Before starting eno, I spent two years researching the psychology of productivity. My goal was to better understand habits and tricks used by highly productive people to defang various distractions at work– this led me to research and experiments about distractions that were eventually compiled in a book on how to apply these principles to studying at university.
During my research, I ran a small experiment to investigate how well we understand our own internal distractions. I sent out a survey asking people to list their most pressing distractions in the workplace – the types of interruptions that hindered their ability to get their most important work done. At the top of the list were the expected culprits: emails, cellphones, coworkers, meetings, and social media.
There was a second type of distraction, however, that caught my eye. Responses like “my own mind,” “wandering thoughts,” and “uncertainty” were surprisingly common. Instead of pointing to their environment, these people were inherently blaming themselves – they felt that the source of distraction wasn’t external, it was in their own mind.
If we want to understand focus, we first need to understand distraction. This dichotomy is the best place to start.
What is distraction?
We live in an age of distraction where attention is a rare commodity. Psychologists discretize attention in two distinct categories: bottom-up and top-down.
Bottom-up attention – more formally defined as exogenous orienting – describes shifting your attention towards an external stimulus. When you hear a loud noise behind you and immediately glance in that direction, this is your bottom-up attention subconsciously orienting you towards the sound. This is a common cause of distraction while studying as many of you would have experienced.
To contrast, top-down attention – endogenous orienting – describes shifting your attention to internally generated thoughts. When you suddenly remember that you forgot to lock your front door at home before leaving, this is your top-down attention orienting you towards an important memory. Top-down attention is also used to characterize the way we focus on our internal monologue while we work.
In your brain, these processes originate from different regions: bottom-up attention primarily in the parietal lobe, and top-down attention in the prefrontal cortex. Together, they are constantly competing to steal the focus of your conscious mind. We feel focused when our conscious mind only orients towards stimuli relevant to our task; we feel distracted at work when our mind orients towards stimuli outside of our task.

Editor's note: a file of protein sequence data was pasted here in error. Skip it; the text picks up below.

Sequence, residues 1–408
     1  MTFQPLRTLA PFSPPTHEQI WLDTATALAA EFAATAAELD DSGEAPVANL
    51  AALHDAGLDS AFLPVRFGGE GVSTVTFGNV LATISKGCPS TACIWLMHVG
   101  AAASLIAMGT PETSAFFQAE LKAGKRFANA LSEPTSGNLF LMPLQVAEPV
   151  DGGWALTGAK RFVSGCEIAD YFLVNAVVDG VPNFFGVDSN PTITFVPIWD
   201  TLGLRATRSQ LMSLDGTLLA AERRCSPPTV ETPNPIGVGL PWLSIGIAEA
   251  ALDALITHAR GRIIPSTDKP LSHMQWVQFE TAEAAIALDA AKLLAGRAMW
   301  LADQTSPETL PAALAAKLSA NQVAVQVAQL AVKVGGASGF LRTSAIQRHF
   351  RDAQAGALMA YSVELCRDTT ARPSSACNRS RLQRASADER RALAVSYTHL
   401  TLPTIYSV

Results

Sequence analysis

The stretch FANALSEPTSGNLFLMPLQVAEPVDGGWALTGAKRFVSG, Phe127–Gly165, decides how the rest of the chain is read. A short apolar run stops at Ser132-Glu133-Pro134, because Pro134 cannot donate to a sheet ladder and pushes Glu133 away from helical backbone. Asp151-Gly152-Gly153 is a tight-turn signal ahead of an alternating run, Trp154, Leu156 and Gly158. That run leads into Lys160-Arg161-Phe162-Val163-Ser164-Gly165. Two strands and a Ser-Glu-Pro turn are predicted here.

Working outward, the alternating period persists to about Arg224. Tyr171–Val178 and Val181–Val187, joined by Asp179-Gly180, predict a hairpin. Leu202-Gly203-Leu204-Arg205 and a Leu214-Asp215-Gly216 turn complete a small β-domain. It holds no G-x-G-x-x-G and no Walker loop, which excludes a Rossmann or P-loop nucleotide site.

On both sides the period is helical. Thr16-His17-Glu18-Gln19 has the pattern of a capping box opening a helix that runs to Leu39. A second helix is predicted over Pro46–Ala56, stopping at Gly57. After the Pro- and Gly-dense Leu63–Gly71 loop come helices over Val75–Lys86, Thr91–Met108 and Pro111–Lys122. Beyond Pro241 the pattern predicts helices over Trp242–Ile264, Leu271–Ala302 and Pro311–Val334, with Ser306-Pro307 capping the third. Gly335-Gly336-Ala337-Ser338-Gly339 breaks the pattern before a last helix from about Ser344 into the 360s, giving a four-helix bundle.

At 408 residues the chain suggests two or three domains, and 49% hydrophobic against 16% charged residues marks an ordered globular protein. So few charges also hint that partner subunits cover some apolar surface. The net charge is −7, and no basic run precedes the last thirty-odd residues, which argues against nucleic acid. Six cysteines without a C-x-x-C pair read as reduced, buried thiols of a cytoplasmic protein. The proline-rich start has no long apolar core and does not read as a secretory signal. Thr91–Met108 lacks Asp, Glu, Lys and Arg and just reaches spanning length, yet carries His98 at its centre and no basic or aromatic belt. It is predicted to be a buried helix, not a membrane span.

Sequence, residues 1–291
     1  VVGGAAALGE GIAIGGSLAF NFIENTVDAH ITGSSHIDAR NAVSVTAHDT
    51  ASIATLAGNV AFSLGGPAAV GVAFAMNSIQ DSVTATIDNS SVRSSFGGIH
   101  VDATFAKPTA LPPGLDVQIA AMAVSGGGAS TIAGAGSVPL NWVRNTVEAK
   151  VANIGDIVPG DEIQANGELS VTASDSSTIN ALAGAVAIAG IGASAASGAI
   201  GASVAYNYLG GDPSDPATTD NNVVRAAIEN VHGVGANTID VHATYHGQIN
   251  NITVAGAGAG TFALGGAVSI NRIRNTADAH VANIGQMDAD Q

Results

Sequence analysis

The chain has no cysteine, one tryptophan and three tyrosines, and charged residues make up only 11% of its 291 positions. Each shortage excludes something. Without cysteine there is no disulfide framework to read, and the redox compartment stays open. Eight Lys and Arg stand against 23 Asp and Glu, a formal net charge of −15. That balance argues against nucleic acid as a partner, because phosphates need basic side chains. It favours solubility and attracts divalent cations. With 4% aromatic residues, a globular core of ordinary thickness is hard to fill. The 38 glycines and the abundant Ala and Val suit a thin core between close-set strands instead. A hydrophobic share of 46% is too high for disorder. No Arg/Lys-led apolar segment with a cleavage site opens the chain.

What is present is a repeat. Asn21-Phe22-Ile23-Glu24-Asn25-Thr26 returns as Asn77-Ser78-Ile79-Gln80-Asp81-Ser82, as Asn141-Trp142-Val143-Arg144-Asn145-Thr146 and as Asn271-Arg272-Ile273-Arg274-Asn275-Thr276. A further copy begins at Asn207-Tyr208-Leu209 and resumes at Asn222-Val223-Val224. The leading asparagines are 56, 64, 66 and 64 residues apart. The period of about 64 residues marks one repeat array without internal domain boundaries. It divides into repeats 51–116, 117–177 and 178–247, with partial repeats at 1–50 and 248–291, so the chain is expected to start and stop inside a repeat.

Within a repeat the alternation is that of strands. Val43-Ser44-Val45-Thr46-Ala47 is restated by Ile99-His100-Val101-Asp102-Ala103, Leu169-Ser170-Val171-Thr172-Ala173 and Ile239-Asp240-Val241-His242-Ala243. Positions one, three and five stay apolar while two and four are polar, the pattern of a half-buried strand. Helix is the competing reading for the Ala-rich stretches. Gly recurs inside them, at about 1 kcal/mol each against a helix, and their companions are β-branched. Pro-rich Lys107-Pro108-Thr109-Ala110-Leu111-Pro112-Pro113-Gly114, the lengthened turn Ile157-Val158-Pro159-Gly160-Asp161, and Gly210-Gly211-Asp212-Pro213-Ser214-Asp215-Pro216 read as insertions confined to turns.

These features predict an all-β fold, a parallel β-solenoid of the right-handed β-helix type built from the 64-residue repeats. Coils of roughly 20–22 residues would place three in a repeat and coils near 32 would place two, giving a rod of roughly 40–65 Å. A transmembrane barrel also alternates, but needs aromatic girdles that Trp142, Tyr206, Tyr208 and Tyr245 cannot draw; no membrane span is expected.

In order to characterize types of distraction, we can use the same dichotomy: external type of distractions in life come from the outside world – top-down – and internal distractions come from internal thoughts – bottom-up. In order to reduce our workplace distraction, we need to attenuate both types.
When we think about distractions, external causes of distractions are frequently what comes to mind. Given that external distractions such as digital media are more perceptible, this isn’t surprising.
In most cases, an external trigger is immediately followed by a strong habit impulse. When you see a notification (the trigger), your impulse is to check your email (the habit). For many of us, these habits have been strongly reinforced over decades – even if you don’t give in to the urge, the habit will continue to compete very strongly for your attention, making it more difficult to retrieve the deep state of focus that you had previously.
In other words: external distractions kill your focus.
A lot can be done to weaken the link between a trigger and a habit, to attenuate this effect. We’ll talk more about this in Part 5 of this blog series. The easier way to prevent external distractions, however, is simply to avoid the trigger in the first place.
How to stop getting distracted with external causes including technology distractions at work:
· Prepare your environment before starting. Use the washroom, set your chair height, and have your coffee, water, or tea available. This attenuates discomfort, which will often become distracting. Keeping your desk clean also helps avoid distracting visual stimuli.